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Too Close to Home: Dealing with Family Illness

Nov 29, 2013 10:49AM ● By Med Editor

To say that 2013 has been a difficult year for Theresa Cameron would be an understatement. While her colleagues were following the healthcare debates and grappling with digital medicine, rising patient loads, and reimbursements, the Aberdeen PA’s head and heart were with her extended family, as they faced one health crisis after another. It started when her 18-month-old granddaughter, Cameron, was diagnosed with Stage III T-cell lymphoblastic lymphoma in June.

“My daughter, who is a PT in Vermillion, just thought it was strep throat so she asked to get a strep done,” recalls grandmother, Theresa, who works at Sanford Aberdeen Medical Center. “The doctor felt like something just didn’t look right. So they looked further and they found it.”

Little Cameron was hospitalized at Sanford Children’s Hospital in Sioux Falls, where she began the first round of a chemotherapy regimen that will last three years. Around the same time, Theresa’s other daughter developed problems during her second pregnancy and delivered her son, Bronsen, a month early in Sioux Falls in September. The baby was admitted to the NICU with heart problems.

 “At that point, I felt like I wasn’t so much a provider anymore as a mother and grandmother,” says Theresa, who regularly made the 3-hour trip to the Sanford campus in Sioux Falls, spending time in both the NICU and The Castle.

“Sometimes it is really heart-wrenching. When Cameron first went in, they couldn’t intubate her because the mass was too large. When they put a tube in her, I thought, ‘I can handle this.’ But when they were actually doing the procedure, draining more than 750 cc’s from her lungs, she was looking right at me with a look like ‘Why are you letting them do this to me?’ and I almost passed out.”

Although Bronsen is now home in Aberdeen, Cameron’s chemotherapy continues. Because Theresa’s work schedule is more flexible than her daughter’s, she is often ‘on call’ to help with her granddaughter in Sioux Falls.

“Being a provider for 20 years, you have your family of patients, but in a crisis like this, your own family has to take priority,” says Theresa. “Sometimes, it can be hard to break away from the loyalty you feel to your patients.” Another challenge, as a provider supporting her own family in a health crisis, has been coping with and expressing what she knows – and doesn’t know – about their medical situation.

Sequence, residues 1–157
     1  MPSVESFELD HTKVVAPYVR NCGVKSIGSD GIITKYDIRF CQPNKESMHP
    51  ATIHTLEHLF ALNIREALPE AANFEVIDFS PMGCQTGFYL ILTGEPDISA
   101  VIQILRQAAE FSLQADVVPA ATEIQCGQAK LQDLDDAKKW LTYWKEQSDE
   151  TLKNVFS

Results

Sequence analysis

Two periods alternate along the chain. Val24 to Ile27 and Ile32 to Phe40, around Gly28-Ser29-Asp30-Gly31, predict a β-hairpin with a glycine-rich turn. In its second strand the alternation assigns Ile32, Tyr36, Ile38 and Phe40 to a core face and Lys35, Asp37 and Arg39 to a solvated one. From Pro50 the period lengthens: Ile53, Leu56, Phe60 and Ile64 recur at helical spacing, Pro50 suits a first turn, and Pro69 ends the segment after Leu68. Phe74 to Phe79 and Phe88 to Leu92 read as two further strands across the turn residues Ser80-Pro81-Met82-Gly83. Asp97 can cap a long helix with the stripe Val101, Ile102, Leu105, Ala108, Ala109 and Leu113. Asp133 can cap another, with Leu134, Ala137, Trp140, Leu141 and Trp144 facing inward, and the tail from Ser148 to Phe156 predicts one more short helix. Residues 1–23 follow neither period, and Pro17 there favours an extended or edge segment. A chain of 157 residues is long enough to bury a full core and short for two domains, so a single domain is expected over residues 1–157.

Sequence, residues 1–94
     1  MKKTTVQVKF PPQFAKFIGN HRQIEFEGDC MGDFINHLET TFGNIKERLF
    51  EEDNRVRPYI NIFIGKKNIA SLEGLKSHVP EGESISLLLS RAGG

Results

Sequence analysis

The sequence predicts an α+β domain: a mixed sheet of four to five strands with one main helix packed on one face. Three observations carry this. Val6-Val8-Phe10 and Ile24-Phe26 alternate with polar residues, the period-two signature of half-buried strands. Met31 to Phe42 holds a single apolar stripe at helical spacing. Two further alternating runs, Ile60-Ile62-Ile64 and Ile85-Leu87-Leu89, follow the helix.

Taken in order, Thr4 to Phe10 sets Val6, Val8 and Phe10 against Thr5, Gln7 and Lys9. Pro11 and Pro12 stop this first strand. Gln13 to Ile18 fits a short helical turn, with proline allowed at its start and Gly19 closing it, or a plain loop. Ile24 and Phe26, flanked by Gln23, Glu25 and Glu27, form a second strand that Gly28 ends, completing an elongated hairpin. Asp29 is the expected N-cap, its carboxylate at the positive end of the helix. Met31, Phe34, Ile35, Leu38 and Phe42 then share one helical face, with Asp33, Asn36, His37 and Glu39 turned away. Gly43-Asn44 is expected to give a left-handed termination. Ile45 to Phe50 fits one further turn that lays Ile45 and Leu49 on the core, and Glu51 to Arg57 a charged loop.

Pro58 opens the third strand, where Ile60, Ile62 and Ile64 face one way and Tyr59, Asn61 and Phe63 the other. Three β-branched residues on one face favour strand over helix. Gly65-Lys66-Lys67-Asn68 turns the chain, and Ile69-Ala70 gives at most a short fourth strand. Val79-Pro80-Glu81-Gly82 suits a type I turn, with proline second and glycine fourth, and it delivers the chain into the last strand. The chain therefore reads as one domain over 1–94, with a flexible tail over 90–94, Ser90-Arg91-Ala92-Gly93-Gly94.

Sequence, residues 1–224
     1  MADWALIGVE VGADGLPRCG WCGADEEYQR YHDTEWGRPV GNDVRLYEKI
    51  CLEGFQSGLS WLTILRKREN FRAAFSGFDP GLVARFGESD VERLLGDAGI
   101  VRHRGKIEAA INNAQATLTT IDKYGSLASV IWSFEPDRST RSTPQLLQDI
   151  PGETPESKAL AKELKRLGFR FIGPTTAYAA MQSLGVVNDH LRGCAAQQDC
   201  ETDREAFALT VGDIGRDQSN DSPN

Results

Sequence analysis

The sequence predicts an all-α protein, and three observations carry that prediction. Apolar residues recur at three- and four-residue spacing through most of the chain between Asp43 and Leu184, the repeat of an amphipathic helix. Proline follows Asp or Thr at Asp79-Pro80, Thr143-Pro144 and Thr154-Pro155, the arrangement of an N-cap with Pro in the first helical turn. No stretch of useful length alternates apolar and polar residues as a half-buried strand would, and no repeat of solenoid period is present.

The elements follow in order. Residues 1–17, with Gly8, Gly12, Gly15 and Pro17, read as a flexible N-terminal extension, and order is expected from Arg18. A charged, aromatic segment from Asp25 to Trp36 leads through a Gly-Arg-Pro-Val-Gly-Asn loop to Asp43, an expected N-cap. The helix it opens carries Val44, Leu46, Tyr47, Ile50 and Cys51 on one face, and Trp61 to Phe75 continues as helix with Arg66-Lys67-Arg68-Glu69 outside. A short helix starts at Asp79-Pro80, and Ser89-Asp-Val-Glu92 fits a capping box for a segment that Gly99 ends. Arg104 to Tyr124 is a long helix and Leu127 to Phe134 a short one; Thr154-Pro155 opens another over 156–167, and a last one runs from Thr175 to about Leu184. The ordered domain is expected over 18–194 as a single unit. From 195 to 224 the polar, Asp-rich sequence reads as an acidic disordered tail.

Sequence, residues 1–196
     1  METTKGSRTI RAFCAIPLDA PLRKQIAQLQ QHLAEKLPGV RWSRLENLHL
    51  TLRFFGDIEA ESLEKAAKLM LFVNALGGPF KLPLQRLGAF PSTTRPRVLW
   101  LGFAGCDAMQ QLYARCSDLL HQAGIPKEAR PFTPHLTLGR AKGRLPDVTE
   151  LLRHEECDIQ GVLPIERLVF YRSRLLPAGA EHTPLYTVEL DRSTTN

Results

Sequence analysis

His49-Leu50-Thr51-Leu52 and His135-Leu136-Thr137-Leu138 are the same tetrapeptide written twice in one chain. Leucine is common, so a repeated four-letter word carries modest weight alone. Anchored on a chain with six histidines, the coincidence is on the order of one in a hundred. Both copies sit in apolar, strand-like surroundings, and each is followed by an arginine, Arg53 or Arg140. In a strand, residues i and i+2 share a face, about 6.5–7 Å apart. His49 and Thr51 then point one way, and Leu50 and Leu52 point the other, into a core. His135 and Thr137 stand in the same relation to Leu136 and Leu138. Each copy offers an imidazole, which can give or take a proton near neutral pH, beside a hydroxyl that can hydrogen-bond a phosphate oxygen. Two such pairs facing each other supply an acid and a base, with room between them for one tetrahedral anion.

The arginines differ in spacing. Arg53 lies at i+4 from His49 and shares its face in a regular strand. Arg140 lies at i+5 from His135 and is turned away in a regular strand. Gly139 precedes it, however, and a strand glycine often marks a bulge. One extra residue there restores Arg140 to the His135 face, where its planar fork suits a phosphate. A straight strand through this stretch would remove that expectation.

“I’m in medicine but I don’t do pediatric oncology or pediatric cardiology, so it’s not always easy even for me to decipher exactly what’s being said,” says Theresa. “Family members ask me, what does this mean? What does that mean? And it can be frustrating if I can’t explain. On the other hand, sometimes, you know too much. People will say ‘Oh, I know someone who had that. That’s curable.’ But I know that it is much about the T-cells and the B-cells. I think it can actually be worse knowing and understanding the deeper parts.”

When speaking with Cameron’s oncologist, for instance, Theresa says she often has very specific medical questions that an ordinary patient might not ask. “I don’t want to annoy them. But I have done a lot of research and I have a lot of legitimate questions,” says Theresa. “I have found that it can be hard knowing where to draw the line.”

Bronsen and Cameron weren’t Theresa’s only worries this year. While her grandchildren were sick, her nephew was killed in a serious accident. Rather than making her bitter, though, Theresa says this year’s personal challenges have helped to make her a better provider.

“I think I have less tolerance for whining in my patients, for one thing,” she says. “When a patient comes in – again – with a relatively minor complaint, it’s tempting to say, ‘You think YOU have it bad…’ I don’t, of course. But I do think I am better able to be firm with the people who need it and encourage them to buck up and make changes, if they need to. I no longer enable them.”

At the same time, Theresa says her level of compassion and empathy for patients and their families dealing with serious illness – especially cancer – has grown by leaps and bounds.  

“For one thing, when they talk to me about oncology terminology, I understand what it means. I think I have always been compassionate, but now my understanding is deeper and I can relate more to the fear and the overwhelm. In the past, it was natural to just say, ‘It’s going to be OK.’ But now I can truthfully say to the family, I really know how you feel.”

Today, as she awaits the birth of more grandchildren – a set of twins due in April – Theresa looks on 2013 as a opportunity to learn things that couldn’t have been learned any other way.

“It’s not like you can just Google ‘How to deal with a relative with cancer’,” she reflects.” You have to live it.”